Kerry Knodle, director of CCS/YouthBuild, noted the state found no merit in the board’s reasons, except for the curriculum. “Last time we provided what we thought was a good, solid outline of the curriculum,” he said. “We fully developed it this time.” The curriculum includes social studies, English, life skills, math and science.

“The basic concept of the school has not changed,” he noted. “We’ve taken into consideration the reasons that were cited two years ago. We’ve set about to put in the necessary groundwork to cover all those things.”

Computer training is one aspect that would be added. “The numbers have changed slightly based on the demand that we’re seeing,” he said. There would be a capacity of 75 students the first year, 90 the second year, 100 the third year, 125 the fourth year and 150 the fifth year.

Knodle said it will be determined near the end of the five years whether the school should continue for an additional five years. “Charters can be no less than five years and no more than 10,” he said.

He said CCS has targeted the 17- to 21-year-old age group because that is the population that needs the services. He believes the smaller class sizes are helpful to students.

The program typically takes one and a half to two years. “The public school’s responsibility stops at age 21. In the hopefully rare event that kids need to continue, we would have funding,” Knodle said. He also stated YouthBuild will follow up with graduates.

School board Vice President Patti Delugas, who has yet to review the new proposal, said the main reason for the denial was that the curriculum lacked methods for the student to obtain a high school education. She said a low percentage of students would graduate, and the 17-21-year-old age group is beyond what the district serves.

She said the board wants to ensure that people are being educated. “That’s what we’re really going to be looking out for,” Delugas stated. “The restrictions on who could participate were disturbing to the board. It was not a program geared toward high school equivalency.”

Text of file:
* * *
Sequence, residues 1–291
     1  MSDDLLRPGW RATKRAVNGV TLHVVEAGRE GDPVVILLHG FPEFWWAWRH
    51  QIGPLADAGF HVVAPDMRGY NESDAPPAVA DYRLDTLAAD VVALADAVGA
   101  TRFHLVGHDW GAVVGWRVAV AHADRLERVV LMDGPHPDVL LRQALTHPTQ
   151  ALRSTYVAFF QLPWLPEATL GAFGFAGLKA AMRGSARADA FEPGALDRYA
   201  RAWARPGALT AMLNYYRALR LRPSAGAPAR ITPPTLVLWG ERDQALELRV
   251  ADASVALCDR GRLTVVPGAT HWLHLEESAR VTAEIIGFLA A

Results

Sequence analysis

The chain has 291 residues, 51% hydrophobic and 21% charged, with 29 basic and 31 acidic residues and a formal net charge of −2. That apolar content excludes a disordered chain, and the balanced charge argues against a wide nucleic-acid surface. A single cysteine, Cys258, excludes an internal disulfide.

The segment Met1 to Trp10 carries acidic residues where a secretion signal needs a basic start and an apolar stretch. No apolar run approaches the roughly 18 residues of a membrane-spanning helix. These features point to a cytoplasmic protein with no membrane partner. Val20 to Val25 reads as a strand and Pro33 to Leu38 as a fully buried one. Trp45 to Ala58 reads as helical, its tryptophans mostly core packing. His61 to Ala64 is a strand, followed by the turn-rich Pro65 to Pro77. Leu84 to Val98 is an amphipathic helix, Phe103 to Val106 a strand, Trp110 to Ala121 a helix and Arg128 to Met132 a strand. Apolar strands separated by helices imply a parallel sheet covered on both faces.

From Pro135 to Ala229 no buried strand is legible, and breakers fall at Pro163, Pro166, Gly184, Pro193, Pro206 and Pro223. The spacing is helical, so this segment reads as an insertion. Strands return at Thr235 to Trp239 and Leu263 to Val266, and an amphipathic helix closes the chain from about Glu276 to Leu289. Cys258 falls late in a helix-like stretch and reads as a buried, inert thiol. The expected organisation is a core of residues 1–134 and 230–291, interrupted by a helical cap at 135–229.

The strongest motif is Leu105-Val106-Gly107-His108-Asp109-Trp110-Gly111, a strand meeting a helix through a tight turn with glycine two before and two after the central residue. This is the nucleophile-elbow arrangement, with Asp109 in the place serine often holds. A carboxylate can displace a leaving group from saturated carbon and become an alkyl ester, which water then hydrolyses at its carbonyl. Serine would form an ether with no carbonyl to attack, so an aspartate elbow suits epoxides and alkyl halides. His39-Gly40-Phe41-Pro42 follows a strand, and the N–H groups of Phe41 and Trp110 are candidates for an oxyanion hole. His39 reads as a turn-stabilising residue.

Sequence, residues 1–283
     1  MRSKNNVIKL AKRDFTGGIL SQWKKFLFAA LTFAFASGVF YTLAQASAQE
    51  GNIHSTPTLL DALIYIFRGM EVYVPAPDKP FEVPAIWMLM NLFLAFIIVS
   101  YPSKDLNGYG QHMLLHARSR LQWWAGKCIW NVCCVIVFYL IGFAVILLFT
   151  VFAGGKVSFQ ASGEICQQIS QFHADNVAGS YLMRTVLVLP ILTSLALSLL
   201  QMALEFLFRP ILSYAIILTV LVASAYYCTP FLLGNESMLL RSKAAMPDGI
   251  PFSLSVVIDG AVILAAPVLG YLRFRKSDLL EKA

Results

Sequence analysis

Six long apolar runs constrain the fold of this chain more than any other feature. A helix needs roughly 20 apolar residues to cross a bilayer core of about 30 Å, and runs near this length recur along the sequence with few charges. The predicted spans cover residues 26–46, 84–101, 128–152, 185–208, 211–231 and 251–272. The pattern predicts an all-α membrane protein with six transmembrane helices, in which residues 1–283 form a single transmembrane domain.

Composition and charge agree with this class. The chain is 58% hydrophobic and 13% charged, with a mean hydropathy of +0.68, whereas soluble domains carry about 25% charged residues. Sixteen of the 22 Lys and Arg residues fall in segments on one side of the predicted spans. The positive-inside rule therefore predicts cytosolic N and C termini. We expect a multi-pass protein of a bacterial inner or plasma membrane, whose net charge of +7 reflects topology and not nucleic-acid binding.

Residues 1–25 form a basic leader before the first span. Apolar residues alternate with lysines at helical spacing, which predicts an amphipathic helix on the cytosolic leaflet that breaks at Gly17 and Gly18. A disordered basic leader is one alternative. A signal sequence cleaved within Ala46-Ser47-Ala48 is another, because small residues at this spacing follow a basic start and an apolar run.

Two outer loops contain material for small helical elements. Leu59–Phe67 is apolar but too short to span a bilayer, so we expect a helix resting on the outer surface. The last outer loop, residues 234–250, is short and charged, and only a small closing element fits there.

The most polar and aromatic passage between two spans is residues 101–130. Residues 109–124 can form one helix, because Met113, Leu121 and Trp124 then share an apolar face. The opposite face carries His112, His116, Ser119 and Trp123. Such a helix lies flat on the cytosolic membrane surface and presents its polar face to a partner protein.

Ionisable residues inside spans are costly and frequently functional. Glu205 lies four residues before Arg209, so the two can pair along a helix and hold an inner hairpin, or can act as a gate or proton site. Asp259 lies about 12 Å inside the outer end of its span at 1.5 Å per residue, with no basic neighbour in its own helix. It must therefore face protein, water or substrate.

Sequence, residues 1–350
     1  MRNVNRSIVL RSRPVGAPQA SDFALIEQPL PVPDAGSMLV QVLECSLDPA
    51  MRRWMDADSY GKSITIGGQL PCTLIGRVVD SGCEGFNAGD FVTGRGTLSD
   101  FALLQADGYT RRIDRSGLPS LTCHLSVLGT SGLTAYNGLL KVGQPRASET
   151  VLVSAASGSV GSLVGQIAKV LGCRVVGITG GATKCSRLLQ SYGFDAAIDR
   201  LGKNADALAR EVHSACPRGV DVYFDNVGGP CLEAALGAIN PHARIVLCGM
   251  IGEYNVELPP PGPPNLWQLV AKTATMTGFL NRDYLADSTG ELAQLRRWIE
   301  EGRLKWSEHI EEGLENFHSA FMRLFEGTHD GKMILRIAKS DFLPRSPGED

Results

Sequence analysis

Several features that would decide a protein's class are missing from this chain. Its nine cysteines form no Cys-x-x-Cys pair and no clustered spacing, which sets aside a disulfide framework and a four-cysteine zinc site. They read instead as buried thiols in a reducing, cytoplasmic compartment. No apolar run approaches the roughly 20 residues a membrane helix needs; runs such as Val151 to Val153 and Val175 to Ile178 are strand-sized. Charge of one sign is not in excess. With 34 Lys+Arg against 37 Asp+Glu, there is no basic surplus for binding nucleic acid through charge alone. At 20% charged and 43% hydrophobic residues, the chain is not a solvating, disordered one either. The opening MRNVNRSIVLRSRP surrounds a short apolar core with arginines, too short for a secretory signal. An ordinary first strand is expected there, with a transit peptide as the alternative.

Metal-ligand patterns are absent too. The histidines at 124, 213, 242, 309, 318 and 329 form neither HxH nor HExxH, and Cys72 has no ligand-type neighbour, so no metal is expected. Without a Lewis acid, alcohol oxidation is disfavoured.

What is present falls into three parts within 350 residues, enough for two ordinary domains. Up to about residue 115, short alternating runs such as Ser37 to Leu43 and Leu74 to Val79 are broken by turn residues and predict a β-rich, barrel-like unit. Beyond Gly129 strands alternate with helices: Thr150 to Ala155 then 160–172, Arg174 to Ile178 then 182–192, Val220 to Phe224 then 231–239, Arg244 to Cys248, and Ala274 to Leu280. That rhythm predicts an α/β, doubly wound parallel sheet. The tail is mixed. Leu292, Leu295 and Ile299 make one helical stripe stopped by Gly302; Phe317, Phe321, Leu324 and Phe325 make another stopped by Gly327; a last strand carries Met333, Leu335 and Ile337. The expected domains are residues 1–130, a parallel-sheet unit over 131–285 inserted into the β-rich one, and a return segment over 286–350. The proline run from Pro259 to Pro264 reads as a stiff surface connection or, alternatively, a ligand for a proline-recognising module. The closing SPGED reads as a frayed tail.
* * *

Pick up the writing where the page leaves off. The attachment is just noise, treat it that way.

Scott Carter of Rockford Educating All Children (R.E.A.CH.) thought the last plan was lacking in academics. “When you’re a carpenter, there’s an awful lot of mathematics involved,” he stated. “They may need a science course on soils and how it relates to carpentry.”

School board Member Mike Williams said, “I think it’s an alternative for students who have not been successful in a traditional classroom. From that perspective, I think it’s a good idea.”

However, he said some issues are being considered. Attorney James Hess is currently reviewing the legal agreement. “We asked the director of finance (James Hoffman) to review the budget,” Williams stated. “There are questions about how the board would be funding this charter school if it’s approved. There are still questions out there that need to be addressed.”

“For every year enrolled, the district would be given credit for enrollment of that student,” Williams stated. “We get a per-pupil tax allocation from the state for each student that’s enrolled. There’s a formula based on average daily attendance. We received tax dollars for every student in addition to the property taxes that we collect locally.” Knodle said it’s too premature to come up with a cost.